Accessibility links

Russia: Food Aid To Be Closely Monitored

  • Floriana Fossato

Moscow, 12 March 1999 (RFE/RL) -- The first delivery of U.S. food assistance to Russia has arrived by ship in St. Petersburg and is being unloaded today.

The U.S. ambassador to Russia, James Collins, is expected to be on hand to witness the unloading.

Collins told a press conference in Moscow yesterday that U.S. and Russian officials have worked very hard to create a program that will, in their judgment, "reach the people intended to be provided for." He said the U.S. government has set up a broad system to monitor the Russian government's compliance with terms of the deal.

Under the agreement, the U.S. is to provide Russia more than 3 million metric tons of food and grain products, worth approximately $950 million.

Russia and the United States initially agreed on the food program in November, after Russia suffered its worst harvest in 40 years and concern was growing over the consequences of the August 17 financial meltdown. The program was delayed partly because U.S. officials sought assurances that the deal would not be tainted by corruption. A similar program in 1992 proved to be ridden with graft. Much of the aid appeared on sale through black market channels, while another portion simply disappeared.

The shipment being unloaded today consists of 1,000 tons of seed for green peas. Interfax news agency quotes Russia's deputy agriculture minister Vladimir Alghinin as saying that this shipment will be distributed in the Russian regions of Mordovia, Belgorod, Novgorod, as well as in the republics of North Ossetia, Kabardino-Balkaria and in the Krasnodar district.

A second shipment, containing 14,000 tons of corn seed, is scheduled to arrive on March 17 and other tranches will follow.

A U.S Embassy statement distributed at yesterday's press conference said that work plans and distribution schedules concerning the deal are public and can be found on the internet (at the web site WWW.FAS.USDA.GOV).

The assistance includes gifts and loans aimed to help Russian regions running low on locally produced food, seed and feed for livestock, and unable to afford imports after the ruble lost much of its value last August.

Collins said that approximately one-third of the commodities will come as seeds and feed for livestock and is to be sold on the Russian market.

Of the remaining two-thirds, some 500,000 tons will be used for direct free deliveries by the Russian government and some private voluntary organizations to needy civilians.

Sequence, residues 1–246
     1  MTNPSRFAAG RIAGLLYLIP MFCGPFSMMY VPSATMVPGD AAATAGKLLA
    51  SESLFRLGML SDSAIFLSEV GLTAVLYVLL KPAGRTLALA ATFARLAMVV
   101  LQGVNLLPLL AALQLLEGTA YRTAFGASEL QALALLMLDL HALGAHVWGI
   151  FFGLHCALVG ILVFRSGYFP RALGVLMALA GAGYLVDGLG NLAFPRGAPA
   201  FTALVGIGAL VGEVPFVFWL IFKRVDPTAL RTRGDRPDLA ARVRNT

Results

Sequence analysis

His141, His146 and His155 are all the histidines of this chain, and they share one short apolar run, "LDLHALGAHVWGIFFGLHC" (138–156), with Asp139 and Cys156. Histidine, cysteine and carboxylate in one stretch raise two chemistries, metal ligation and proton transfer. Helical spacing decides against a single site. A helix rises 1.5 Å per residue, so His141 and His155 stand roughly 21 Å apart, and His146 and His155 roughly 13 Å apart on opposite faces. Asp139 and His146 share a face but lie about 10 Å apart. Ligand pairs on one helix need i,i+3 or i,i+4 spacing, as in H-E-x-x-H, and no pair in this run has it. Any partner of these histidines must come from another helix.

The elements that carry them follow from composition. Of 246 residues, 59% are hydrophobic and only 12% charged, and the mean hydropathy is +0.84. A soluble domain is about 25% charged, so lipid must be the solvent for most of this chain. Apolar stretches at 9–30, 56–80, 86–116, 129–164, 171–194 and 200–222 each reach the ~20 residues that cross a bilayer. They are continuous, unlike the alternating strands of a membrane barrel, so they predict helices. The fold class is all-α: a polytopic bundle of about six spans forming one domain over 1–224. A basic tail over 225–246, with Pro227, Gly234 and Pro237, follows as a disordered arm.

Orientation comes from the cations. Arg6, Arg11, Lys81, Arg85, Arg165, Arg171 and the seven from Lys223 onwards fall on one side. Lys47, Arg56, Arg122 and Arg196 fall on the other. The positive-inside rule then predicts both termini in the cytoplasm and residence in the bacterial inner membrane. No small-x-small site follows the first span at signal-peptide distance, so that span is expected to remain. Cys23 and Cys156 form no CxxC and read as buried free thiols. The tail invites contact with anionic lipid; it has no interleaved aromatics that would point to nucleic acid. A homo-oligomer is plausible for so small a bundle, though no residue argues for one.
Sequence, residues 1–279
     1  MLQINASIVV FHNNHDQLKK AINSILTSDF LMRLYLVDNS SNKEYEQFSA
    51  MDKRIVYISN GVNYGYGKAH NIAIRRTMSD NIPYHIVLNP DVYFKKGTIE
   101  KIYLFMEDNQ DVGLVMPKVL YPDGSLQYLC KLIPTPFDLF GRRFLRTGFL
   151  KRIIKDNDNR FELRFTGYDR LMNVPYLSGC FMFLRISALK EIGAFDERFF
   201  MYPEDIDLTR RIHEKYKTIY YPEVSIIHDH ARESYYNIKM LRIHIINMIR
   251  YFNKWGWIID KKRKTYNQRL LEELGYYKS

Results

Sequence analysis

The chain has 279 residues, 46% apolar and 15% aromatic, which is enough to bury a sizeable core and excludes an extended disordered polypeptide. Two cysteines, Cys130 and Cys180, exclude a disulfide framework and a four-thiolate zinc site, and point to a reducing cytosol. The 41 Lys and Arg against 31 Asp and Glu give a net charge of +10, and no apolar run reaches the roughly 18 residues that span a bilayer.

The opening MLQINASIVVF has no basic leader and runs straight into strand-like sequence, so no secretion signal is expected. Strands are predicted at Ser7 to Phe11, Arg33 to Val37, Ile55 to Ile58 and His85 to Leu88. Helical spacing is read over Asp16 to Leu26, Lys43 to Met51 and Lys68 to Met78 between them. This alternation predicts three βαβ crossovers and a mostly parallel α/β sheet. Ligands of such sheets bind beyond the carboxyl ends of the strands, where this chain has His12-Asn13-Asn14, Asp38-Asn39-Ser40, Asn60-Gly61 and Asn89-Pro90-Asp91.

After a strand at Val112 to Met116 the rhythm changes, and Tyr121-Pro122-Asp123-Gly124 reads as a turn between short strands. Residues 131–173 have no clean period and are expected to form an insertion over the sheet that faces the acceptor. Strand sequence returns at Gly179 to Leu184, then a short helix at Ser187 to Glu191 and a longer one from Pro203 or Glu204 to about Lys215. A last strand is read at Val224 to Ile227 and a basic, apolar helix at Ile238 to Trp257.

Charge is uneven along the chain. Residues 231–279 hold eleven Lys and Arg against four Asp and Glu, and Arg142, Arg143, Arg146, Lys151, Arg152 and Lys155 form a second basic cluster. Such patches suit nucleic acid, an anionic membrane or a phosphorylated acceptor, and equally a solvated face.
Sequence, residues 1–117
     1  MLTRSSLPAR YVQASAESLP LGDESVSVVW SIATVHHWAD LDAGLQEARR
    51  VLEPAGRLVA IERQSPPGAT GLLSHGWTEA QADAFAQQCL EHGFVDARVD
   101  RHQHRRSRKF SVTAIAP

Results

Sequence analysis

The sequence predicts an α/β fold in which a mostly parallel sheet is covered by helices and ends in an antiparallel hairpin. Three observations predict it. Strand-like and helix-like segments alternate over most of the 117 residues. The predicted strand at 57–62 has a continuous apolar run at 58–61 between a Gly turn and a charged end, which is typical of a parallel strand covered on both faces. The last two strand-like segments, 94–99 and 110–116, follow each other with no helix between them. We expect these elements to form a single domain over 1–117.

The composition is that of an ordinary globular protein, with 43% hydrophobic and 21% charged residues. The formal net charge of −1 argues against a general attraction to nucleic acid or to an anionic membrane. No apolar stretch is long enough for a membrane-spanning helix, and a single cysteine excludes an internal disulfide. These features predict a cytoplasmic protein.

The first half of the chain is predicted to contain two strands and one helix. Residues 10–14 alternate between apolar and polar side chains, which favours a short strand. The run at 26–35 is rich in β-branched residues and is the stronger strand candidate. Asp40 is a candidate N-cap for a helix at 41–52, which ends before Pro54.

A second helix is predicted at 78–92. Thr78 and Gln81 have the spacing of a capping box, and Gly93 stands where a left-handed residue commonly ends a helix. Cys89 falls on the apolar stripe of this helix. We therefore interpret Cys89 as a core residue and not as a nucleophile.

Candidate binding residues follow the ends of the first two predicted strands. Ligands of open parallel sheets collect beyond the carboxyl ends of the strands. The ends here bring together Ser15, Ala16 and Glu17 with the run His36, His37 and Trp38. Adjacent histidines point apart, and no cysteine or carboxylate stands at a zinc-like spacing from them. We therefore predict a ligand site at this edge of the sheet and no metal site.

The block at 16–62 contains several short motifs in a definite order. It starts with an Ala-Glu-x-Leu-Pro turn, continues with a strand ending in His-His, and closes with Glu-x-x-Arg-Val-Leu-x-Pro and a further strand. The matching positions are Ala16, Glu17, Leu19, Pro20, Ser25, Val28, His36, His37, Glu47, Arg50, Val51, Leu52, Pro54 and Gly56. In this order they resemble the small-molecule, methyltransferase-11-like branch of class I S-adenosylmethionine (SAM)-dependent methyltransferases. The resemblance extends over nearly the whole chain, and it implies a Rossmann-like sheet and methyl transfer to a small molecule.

The rest, Collins said, will be sold by regional authorities at market prices.

A joint U.S-Russian government working group will determine minimum values for the sale of commodities by regions and monitor the entire process, including tracking payments into two Pension Fund accounts.

Collins said: "The fundamental thing we can verify is that [a certain] amount of grain arrives on a given day ... it will be put on the market at a given price ... and [we'll know] how much money is to be deposited within 120 days into one of these two accounts." Collins said Russia's domestic supplies are running out and the need for assistance to farmers and needy people is now more urgent than ever.

Earlier this week Russian Deputy Prime Minister Gennady Kulik, who is supervising the deal for Russia, said that the Russian government has done all it can to avoid corruption. Interfax news agency quoted Kulik as saying that the monitoring commission including Russian law enforcement officials and U.S. officials will ensure that the assistance operation is "smooth, transparent and successful."

Many Russian citizens and observers, however, are skeptical. Kulik has been accused of corruption by Russian media and politicians.

The Russian government has selected a number of companies to handle deliveries, but failed to do so through an open tender. Roskhlebprodukt, a partially state owned company that in 1992 oversaw the controversial distribution of U.S. food aid to Russia, will again be one of the companies handling deliveries. Collins declined to comment on Roskhlebprodukt's involvement, saying that the question "should be addressed to the Russian government." But he said U.S. officials will be following developments:

"If any part of the agreement is not fulfilled, the American side can stop the shipments at any time."

Meanwhile, first deliveries under a $500 million package from the European Union are also expected soon.

An EU official in Moscow told Reuters that the first EU deliveries will be of German meat and that they will arrive by train on March 24. A ship carrying EU wheat is due to dock in Kaliningrad March 30.

Some Russian officials criticized the agreements, saying they are inefficient, and risk driving some farmers out of business. Former Deputy Prime Minister Boris Nemtsov has said that "poor people will never get any visible results from humanitarian assistance."